Berkshire Hathaway’s annual shareholders meeting is known as “Woodstock for capitalists” and stands as a unique celebration in the world of business.
The meeting drew more than 40,000 attendees last year. But the Warren Buffett-led event isn’t any more immune to the coronavirus than anyone else, so this year’s event will be closed to shareholders for the first time ever.
Even without the crowds and the “Woodstock” festivities, the event will go on and Berkshire’s leadership will take shareholder questions.
Here are five things to know before Berkshire Hathaway’s annual shareholder meeting:
You can still watch
Only CEO Warren Buffett and Greg Abel, Berkshire’s vice chairman of non-insurance operations, will be physically present for the meeting. But the event will be streamed live on Yahoo beginning with a pre-meeting show at 3 p.m. central time.
The board will not be physically present, including vice chairman Charlie Munger. But they’ll still be able to attend to all the typical business for the meeting.
Three journalists have also picked questions from shareholders to ask Buffett and Abel, so the typically-lengthy Q and A session will still go on.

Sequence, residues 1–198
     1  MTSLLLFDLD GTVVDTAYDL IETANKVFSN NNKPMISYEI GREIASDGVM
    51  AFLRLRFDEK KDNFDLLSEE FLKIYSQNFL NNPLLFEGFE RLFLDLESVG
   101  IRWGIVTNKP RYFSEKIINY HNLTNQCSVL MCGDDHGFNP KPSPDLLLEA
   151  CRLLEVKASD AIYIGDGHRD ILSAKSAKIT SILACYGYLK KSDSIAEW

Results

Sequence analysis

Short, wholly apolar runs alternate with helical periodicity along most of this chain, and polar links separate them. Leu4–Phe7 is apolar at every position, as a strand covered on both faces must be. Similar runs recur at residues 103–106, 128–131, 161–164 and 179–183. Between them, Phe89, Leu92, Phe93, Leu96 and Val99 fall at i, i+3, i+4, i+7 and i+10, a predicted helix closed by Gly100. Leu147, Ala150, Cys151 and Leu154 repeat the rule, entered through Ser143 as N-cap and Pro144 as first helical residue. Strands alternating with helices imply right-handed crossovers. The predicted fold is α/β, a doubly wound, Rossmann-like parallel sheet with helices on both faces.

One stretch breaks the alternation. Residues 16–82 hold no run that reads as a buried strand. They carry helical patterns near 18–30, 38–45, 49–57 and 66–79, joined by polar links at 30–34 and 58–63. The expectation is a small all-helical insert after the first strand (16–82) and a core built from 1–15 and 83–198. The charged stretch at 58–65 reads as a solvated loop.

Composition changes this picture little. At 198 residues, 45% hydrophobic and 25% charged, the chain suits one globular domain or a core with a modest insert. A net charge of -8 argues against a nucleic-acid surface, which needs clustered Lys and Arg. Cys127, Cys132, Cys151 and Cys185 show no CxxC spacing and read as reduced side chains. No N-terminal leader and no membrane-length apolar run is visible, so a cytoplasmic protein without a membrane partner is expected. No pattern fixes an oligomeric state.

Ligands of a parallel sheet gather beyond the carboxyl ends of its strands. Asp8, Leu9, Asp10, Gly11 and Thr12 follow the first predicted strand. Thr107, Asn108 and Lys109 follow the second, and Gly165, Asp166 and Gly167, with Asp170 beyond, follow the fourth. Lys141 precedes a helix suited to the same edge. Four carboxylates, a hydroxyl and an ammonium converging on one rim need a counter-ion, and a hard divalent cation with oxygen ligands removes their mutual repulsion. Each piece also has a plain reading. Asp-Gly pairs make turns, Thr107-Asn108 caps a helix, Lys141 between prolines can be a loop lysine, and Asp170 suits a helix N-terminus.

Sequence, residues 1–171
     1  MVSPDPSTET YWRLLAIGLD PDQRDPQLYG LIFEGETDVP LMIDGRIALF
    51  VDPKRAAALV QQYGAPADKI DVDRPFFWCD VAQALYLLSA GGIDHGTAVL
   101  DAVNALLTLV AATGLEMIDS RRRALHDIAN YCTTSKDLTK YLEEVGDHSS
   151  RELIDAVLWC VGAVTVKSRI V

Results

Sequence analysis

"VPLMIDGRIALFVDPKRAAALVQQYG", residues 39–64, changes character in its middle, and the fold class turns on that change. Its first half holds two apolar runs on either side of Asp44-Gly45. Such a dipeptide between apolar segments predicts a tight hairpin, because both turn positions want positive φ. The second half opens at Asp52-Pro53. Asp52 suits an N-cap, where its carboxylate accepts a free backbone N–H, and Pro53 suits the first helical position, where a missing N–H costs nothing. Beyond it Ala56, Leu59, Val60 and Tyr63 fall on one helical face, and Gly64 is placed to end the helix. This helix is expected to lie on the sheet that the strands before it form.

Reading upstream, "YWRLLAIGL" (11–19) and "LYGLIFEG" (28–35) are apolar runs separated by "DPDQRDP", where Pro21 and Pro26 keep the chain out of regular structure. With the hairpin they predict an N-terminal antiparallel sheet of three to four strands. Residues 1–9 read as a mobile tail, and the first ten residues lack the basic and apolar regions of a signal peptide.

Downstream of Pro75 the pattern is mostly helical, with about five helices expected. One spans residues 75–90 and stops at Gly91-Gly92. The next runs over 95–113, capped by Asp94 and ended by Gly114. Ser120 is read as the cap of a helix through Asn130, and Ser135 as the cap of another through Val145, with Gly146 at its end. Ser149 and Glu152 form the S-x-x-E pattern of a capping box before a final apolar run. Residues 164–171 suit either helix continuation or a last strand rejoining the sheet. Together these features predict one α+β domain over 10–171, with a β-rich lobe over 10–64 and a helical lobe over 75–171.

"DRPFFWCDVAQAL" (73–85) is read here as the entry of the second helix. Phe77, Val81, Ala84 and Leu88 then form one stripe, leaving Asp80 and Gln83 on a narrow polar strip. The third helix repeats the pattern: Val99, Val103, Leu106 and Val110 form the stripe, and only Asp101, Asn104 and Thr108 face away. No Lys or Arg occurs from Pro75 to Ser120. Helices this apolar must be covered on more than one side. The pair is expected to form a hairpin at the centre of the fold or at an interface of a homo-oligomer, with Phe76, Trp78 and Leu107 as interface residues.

The coronavirus has pinched the conglomerate
Berkshire sold off sizeable stakes in Delta Air Lines and Southwest Airlines as the coronavirus battered the travel industry, including close to 13 million shares of Delta and about 2.3 million shares of Southwest.
Munger also told The Wall Street Journal last month that Berkshire would likely close some of its smaller holdings as a result of the pandemic, but didn’t specify which specific businesses would be affected.
The board of directors will have a new member
Bill Gates announced that he was stepping down from Berkshire’s board of directors earlier this year.
Former American Express co-CEO Kenneth Chenault was nominated to fill the seat vacated by Gates.
Chenault and Berkshire have a history together, as Berkshire has long been AmEx’s largest shareholder.
You can still snag the deals
The big event brings big crowds to Omaha in a normal year. With this year’s meeting being held virtually, the city is missing out on 21.3 million in economic impact, Dow Jones Newswires reported.
Many Berkshire brands offer special promotions for shareholders during the weekend of the event, and they’re still offering the deals even for the remote meeting. Berkshire put up a page on its website with links to all the promotional offers.
Buffett is preparing for his eventual departure
In his annual letter to shareholders last year, Buffett promised investors that Berkshire is “100 percent prepared” for the departure of its 89-year-old CEO and 96-year-old vice chairman.
“Charlie and I have very pragmatic reasons for wanting to assure Berkshire’s prosperity in the years following our exit: The Mungers have Berkshire holdings that dwarf any of the family’s other investments, and I have a full 99 percent of my net worth lodged in Berkshire stock,” Buffett wrote. “I have never sold any shares and have no plans to do so.”